In the modern era, many children face difficulties while learning some particular subjects like Mathematics and Philosophy. Consequently, some people assert that these subjects should be optional rather than compulsory. In my opinion, I partially agree with this viewpoint, and the reasons for this stance are discussed below.
On the one hand, the proponents of making Mathematics and Philosophy optional argue that forcing children to study these subjects can be detrimental to their learning process. They believe that students can learn more efficiently if they are interested in the subject, and it should not be a mandatory component of their curriculum. Furthermore, these subjects require a certain level of intelligence and aptitude, and not all children may possess those qualities. As a result, making them optional would allow students to focus on the subjects they are genuinely passionate about, leading to better academic performance.
On the other hand, I believe that making Mathematics and Philosophy compulsory has its advantages too. For one thing, Mathematics is an essential subject that is required in many fields, including engineering, physics, and economics. Thus, making it optional may lead to a lack of skills and knowledge in these areas, which can have far-reaching consequences. Similarly, Philosophy provides students with critical thinking skills and teaches them how to analyze complex problems. It encourages students to question their beliefs, leading to a deeper understanding of themselves and the world around them. Thus, making it optional may deprive students of these valuable skills.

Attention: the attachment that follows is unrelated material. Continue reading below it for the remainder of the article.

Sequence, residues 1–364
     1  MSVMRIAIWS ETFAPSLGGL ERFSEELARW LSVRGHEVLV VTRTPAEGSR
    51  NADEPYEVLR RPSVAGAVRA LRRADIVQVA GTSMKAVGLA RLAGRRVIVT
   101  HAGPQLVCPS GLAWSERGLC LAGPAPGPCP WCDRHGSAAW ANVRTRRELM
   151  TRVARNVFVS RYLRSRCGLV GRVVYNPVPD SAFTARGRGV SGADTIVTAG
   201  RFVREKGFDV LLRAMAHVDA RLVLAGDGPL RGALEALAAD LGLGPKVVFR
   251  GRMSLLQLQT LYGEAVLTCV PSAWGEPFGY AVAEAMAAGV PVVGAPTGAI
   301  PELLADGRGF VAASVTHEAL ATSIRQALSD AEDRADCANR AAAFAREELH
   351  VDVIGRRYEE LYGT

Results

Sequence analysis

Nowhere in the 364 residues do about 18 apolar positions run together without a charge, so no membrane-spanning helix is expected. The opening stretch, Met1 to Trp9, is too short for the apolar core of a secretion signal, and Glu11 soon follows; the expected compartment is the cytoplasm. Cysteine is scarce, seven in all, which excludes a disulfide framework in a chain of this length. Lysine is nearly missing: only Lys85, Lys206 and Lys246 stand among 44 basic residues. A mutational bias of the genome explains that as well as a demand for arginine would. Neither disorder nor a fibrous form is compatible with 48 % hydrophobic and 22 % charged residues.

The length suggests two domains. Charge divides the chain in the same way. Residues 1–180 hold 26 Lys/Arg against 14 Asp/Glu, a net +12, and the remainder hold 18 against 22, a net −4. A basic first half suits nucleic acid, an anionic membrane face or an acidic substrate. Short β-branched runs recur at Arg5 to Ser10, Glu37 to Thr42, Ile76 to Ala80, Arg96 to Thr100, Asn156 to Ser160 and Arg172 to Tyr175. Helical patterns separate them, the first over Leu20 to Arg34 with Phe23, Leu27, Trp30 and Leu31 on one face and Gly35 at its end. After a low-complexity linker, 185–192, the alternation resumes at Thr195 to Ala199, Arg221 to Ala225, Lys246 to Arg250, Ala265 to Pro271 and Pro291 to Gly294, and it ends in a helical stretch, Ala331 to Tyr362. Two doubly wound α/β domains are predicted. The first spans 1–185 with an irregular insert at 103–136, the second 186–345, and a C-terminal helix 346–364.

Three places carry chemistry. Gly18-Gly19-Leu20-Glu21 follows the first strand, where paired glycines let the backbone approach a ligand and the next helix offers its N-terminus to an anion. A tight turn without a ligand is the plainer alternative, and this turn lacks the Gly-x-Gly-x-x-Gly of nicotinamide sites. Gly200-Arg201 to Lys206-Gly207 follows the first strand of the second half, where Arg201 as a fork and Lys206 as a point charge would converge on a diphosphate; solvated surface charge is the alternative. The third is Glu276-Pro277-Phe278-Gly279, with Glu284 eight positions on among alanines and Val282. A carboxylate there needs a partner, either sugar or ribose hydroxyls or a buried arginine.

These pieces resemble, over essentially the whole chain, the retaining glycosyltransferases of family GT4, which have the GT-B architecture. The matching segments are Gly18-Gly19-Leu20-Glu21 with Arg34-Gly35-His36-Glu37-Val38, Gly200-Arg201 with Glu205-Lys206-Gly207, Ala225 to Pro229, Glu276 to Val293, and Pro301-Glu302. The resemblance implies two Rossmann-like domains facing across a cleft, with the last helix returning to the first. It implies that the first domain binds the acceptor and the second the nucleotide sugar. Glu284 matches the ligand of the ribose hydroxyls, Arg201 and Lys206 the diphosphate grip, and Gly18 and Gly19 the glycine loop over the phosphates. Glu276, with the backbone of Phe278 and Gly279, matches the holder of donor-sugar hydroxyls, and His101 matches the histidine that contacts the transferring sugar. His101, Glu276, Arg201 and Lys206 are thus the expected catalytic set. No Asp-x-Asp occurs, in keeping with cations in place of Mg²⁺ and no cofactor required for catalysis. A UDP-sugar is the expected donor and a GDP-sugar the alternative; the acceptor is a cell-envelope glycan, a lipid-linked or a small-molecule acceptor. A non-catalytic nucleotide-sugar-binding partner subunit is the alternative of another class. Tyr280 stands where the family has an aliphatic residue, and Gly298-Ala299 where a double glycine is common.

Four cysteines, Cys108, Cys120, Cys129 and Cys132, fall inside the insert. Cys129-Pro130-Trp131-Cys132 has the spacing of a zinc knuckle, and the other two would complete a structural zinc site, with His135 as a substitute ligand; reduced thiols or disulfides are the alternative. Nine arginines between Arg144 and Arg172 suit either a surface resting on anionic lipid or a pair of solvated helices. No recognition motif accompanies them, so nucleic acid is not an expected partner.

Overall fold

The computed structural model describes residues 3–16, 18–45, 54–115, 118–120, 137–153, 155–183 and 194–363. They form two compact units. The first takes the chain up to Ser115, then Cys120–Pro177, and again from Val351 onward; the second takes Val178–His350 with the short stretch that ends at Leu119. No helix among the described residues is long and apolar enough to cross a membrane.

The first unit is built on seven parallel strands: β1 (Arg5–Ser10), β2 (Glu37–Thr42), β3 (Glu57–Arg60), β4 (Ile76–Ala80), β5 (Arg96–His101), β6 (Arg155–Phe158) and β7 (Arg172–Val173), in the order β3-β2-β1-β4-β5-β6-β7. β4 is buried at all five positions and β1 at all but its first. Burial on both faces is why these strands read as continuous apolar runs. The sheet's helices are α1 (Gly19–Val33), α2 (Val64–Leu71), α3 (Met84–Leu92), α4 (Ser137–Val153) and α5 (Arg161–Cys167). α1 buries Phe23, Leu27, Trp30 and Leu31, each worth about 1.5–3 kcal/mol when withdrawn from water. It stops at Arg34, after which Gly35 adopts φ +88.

In conclusion, while I agree that making Mathematics and Philosophy optional has its benefits, I do not believe that they should be entirely eliminated from the curriculum. Instead, a balance must be struck between making them compulsory and offering students a choice. Students should have the option to drop these subjects if they find them too challenging, but at the same time, they should also be made aware of the importance of these subjects in their future academic and professional pursuits.
- Difficulties (noun): The state of being hard to deal with or overcome.
- Proponents (noun): A person who advocates for or supports a particular idea or cause.
- Detrimental (adjective): Tending to cause harm or damage.
- Aptitude (noun): A natural ability to do something.
- Passionate (adjective): Having or showing strong emotions or beliefs.
- Essential (adjective): Absolutely necessary or important.
- Consequences (noun): A result or effect of an action or decision.
- Valuable (adjective): Worth a lot of money or considered important.
- Deprive (verb): Prevent someone from having or using something.
- In my opinion: Indicates the speaker’s point of view or belief.
- On the one hand: Indicates the beginning of one side of the argument or point of view.
- On the other hand: Indicates the beginning of the opposite side of the argument or point of view.
- Furthermore: Indicates an additional point or idea.
- Similarly: Indicates a comparison or similarity to another idea.
- Thus: Indicates a conclusion or a result of a previous statement.
- In conclusion: Indicates the final thoughts or summarizing the essay.